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46 terms

breast

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who published the first paper on breast ultrasound and when?
John Wild in 1951
what is the location of the breast?
anterior to the pectoralis major and the 6th rib, bounded medially by the sternum and bordered laterally by the axilla
what is the anatomy of the surface of the breast?
nipple and areola
how does the breast appear sonographically?
divided into 3 layers between the skin and chest wall--subcutaneous, mammary, and retromammary layers
what is the subcutaneous layer?
skin and all subcutaneous fat
what is the mammary layer?
glandular tissues, ducts, and connective tissue
what is the retromammary layer?
retromammary fat, muscle, deep connective tissue
anatomically, what is the breast composed of?
parenchyma and stroma
what is the breast parenchyma?
lobes, lobules, ducts, and acini
what the breast stroma?
connective tissue and fat
what are the lobes of the breast?
normal breast is composed of 15 to 20 lobes separated by adipose tissue--each lobe has an external drainage pathway into the nipple
what are the breast lobules?
the lobes are divided into lobules which contain acini
what are the acini?
milk producing glands
what are coopers ligaments?
suspensory ligaments that support the breast tissue, which run between each lobe from the deep muscle fascia to the skin surface
what is the vascular supply to the breast?
lateral thoracic arteries supply the main supply to breast (axillary artery)--subclavian, and thoracic aorta
what are the breast lymphatics
lymphatic drainage from all parts of the breast generally flow to the axillary lymph nodes
what type of tissue is breast tissue?
its a modified sweat gland
what is the function of the breast?
lactation--milk secretion and ejection
what controls the production of milk?
hormones produced within the hypothalamus and anterior pituitary gland
what does the hypothalamus produce?
prolactin inhibiting factor
what hormone stimulates milk production?
prolactin
what gland produces prolactin?
the anterior pituitary
what triggers the production of prolactin?
after the placenta has been expelled and the estrogen levels have declined, prolactin levels increase
what besides prolactin triggers lactation?
oxytocin produced by the pituitary
what triggers the production of oxytocin?
stimulation from infants suckling triggers production of oxytocin and causes contraction of the lactiferous ducts and lactation begins
what is the milk pathway in the breast?
acini--terminal duct--terminal duct lobar unit--lobules--lobes, lactiferous duct, ampulla, nipple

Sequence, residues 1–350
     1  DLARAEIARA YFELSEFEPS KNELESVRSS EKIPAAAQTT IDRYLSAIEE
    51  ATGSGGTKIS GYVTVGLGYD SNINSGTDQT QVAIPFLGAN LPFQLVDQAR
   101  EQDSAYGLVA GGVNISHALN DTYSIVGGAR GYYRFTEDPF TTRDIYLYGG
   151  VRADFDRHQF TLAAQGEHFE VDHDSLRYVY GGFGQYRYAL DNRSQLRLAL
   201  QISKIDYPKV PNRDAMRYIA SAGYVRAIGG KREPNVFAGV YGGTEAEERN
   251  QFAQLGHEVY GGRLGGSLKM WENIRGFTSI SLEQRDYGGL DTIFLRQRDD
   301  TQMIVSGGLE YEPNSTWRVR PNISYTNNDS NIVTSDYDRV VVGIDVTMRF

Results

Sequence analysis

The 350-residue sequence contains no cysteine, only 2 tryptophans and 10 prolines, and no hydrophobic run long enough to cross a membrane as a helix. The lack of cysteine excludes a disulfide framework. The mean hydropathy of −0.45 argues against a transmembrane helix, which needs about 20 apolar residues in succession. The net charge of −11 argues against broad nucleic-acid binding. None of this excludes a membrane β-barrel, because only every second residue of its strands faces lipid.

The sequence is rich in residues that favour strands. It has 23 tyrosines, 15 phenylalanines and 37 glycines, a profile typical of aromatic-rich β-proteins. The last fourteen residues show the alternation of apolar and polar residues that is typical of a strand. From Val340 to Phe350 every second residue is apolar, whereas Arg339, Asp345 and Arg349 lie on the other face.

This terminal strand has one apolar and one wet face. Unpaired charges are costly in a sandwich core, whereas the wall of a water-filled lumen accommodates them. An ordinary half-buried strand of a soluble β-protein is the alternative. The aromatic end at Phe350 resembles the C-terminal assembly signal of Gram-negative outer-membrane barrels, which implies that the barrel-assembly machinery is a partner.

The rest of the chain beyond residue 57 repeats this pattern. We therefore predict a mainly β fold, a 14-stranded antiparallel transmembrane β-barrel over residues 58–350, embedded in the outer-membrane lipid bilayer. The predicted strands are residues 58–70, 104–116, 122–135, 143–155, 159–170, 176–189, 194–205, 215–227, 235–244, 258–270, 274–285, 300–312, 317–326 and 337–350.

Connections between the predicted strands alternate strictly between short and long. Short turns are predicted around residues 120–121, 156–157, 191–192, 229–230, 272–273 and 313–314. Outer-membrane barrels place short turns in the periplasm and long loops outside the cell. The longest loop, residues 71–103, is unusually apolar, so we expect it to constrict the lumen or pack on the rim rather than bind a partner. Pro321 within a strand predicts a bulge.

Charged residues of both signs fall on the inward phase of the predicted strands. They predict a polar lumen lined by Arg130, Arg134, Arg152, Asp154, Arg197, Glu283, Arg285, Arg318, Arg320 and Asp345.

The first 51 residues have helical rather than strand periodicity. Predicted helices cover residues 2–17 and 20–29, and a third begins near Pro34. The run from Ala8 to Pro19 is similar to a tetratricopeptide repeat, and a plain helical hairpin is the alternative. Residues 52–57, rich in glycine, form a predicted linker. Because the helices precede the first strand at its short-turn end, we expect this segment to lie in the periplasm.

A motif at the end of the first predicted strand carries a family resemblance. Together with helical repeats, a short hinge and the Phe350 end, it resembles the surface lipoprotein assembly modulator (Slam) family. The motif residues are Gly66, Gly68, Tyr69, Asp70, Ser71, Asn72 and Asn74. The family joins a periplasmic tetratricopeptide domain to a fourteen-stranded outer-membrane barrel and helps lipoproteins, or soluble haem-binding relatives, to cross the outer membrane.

what stimulates breast to form in puberty?
estrogen from the ovaries before menses
what hormone triggers the breast to develop into its mature lobulated form?
progesterone influences formation of lobules
how do the breasts change during the monthly cycle?
they enlarge slightly during menstrual cycle due to water retention
what are breasts mainly composed of?
fibroglandular tissue
how does breast tissue change during pregnancy?
proliferation of ductal system and lobules
what are the changes that happen to the breast during menopause?
glandular tissue atrophies and breast becomes mainly composed of fatty tissue and ducts become ectatic
what is the % of fat to age after menopause?
age 50--40% fat, age 60--50% fat, age 80--100% fat
how does HRT affect natural aging process of breasts?
it delays involution of breast tissue
what are the three steps for routine breast cancer screening?
monthly self exam, regular clinical breast exams, screening mammography
what are the two main indications for breast us?
diagnostic and interventional imaging
what are some of the methods for describing breast lesion location?
4 quadrants UI, UO, LI, LO----clock face radial: 3, 6, 9 oclock etc-----123 method of 1 near the nipple, 2 mid circle around, 3 outer circle around nipple----ABC method with A closest to nipple, B mid, C closest to chest wall
what position is CC in mammo
superior to inferior compression of the breast--equal to trv scan plane
where is the marker in a CC mammo?
at the lateral border of the breast of interest
how is lesion position described in a CC mammo?
as lateral or medial to the nipple
what is MLO in mammo?
medial to lateral compression of breast tissue from 30 to 60 degree oblique
how is the lesion location described in MLO mammo?
as superior or inferior to nipple
lesions found to be medial in CC mammo will appear____on MLO
slightly lower
lesions found to be lateral on CC view will appear____in MLO
slightly higher
what is MULD?
medial up, lateral down
lesions found in mammo must be: c
correlated in size, shape, density, position, and appearance in sonography